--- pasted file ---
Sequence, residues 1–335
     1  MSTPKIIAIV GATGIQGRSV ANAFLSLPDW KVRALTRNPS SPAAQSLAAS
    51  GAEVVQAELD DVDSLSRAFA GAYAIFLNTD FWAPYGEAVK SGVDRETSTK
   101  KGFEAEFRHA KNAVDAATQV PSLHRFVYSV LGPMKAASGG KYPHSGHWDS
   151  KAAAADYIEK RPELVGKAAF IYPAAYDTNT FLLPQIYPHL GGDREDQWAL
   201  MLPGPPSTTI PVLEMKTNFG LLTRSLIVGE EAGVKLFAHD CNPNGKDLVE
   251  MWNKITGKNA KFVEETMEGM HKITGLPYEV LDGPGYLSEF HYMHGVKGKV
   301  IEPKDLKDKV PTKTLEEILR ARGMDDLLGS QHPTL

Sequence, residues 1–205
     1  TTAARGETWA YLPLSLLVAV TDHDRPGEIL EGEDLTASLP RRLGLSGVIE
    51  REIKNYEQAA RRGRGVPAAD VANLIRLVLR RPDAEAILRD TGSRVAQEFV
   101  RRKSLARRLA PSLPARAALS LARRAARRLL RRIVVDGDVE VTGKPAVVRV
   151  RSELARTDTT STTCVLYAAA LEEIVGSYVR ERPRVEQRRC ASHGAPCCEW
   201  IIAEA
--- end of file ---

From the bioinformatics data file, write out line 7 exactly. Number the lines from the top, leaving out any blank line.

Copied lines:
   251  MWNKITGKNA KFVEETMEGM HKITGLPYEV LDGPGYLSEF HYMHGVKGKV